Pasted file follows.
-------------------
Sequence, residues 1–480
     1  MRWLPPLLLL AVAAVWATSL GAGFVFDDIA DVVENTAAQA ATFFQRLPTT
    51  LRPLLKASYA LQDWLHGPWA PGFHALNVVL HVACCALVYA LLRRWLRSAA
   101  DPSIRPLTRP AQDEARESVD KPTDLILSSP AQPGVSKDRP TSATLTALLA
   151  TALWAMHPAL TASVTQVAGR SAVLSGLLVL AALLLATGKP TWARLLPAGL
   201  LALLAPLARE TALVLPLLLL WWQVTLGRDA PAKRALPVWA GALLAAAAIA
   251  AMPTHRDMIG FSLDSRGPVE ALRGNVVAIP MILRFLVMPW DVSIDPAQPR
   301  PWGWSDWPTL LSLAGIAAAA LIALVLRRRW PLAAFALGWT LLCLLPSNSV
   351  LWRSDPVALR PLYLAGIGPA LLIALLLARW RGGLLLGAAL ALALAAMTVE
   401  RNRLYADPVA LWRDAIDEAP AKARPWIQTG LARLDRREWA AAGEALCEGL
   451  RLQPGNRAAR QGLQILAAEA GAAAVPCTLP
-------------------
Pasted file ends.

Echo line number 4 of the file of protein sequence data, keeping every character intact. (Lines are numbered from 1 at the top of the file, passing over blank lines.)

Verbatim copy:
   101  DPSIRPLTRP AQDEARESVD KPTDLILSSP AQPGVSKDRP TSATLTALLA